So the girls left this morning.
My boy goes the day after tomorrow.
I wanted to wave the girls off. I wanted to press my face to the glass of the departures building. To make sure they were standing in the right queue. I wanted to wave energetically, to blow kisses.
Go Away said the man with the badge. You can’t stand there. You must go. I ignored him. He chased me away in the end so that I had to duck beneath a cordon with everybody watching.
I didn’t care.
I’d taken what I wanted: stolen two whole weeks with the children when we drove across country, spent long but oddly precious hours cocooned in the car together (6 the first day, 5 the 5th, 4 the 6th, 8 on the 10th and 13 yesterday) so that they were all, all, within delicious proximity: to hold, to touch, to watch as they slept, to laugh with, to talk to, to argue with over what music to listen to, to feed.
We played cards; we drank cokes by hippo slicks so jam packed the knobbly-kneed marabou stork tottered from the back of one to the spine of another like unkepmt old men, stepping stones to soup-thick water bubbling with cat fish; we watched elephants meander through miombo just, just begining to blush green, excited and impatient for imminent rain; we spent four days on an inland sea bejewelled with sunlight and bedecked with cichlids; we ate sushimi (the children for the first time, and with gusto); we kayaked; we swam; we snorkled; we got sunburned; we enjoyed a picnic breakfast in the furthest flung corner where the termites build homes like toadstools and where the tsetse flies bite so hard you’d swear they had teeth.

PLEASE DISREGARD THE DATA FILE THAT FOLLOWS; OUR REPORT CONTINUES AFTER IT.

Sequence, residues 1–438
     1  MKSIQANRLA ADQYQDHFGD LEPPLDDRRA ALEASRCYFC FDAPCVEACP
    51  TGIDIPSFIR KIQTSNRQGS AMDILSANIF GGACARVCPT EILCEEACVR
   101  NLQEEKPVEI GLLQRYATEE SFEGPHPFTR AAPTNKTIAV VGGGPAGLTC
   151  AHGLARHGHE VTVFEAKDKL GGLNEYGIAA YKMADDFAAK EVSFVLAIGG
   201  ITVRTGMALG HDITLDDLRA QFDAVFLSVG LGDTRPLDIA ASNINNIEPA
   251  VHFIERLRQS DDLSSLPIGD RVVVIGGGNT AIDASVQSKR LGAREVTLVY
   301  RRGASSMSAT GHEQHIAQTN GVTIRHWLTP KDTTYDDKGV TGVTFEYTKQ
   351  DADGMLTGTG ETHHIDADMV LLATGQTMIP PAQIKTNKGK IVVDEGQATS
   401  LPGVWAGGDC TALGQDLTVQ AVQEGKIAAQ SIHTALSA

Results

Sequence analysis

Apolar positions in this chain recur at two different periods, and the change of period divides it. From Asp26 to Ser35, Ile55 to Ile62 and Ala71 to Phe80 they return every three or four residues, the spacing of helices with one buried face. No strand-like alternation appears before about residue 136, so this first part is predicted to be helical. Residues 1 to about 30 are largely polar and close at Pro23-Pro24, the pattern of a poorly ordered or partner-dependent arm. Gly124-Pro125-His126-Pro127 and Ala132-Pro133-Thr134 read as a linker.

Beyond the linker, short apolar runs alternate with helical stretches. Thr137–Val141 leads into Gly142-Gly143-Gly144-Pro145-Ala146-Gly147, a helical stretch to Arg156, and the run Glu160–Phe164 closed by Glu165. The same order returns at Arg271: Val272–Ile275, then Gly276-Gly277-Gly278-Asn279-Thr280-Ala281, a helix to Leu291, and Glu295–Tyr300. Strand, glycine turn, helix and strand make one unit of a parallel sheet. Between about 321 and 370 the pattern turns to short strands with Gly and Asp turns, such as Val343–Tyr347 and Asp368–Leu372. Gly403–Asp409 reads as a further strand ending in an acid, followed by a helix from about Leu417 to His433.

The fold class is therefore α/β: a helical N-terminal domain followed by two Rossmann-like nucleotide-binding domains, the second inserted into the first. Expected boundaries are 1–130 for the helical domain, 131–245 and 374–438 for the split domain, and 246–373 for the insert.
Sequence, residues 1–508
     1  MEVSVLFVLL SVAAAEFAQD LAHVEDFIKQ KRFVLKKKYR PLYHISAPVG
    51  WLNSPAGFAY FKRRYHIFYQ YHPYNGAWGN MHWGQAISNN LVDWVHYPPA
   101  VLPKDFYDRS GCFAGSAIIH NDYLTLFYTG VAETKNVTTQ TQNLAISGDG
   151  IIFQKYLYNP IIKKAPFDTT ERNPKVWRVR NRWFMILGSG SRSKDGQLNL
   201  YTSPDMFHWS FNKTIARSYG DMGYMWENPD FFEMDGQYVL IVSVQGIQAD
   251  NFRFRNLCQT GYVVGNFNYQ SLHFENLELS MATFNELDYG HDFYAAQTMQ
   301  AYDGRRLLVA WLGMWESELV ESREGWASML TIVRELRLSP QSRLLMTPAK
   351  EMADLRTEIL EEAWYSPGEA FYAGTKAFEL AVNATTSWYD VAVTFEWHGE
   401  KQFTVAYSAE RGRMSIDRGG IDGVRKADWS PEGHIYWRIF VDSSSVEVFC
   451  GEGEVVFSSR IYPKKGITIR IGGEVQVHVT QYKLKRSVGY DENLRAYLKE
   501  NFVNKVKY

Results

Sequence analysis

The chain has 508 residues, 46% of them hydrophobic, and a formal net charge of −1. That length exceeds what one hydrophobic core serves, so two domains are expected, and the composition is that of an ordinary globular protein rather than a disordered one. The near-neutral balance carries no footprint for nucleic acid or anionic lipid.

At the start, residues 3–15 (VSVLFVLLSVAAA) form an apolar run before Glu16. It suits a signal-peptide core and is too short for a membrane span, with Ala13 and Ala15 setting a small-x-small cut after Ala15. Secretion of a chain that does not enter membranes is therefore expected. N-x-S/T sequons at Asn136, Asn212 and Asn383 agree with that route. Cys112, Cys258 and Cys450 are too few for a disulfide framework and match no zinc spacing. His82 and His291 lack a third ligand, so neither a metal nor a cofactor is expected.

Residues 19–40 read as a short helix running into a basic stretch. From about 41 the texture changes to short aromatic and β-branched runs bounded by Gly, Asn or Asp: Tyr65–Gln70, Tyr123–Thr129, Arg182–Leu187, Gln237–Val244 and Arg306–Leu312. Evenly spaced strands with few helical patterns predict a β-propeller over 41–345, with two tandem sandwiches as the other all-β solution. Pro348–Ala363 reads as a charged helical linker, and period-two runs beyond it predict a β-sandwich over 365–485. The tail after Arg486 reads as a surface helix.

I wrung every last little drop out of those 16 days. I intend to do the same with the last two with my son.
I shall press my face against the glass on Tuesday. I shall watch to make sure he is in the right queue. I shall wave energetically, I shall blow kisses and the man with the badge can go to hell.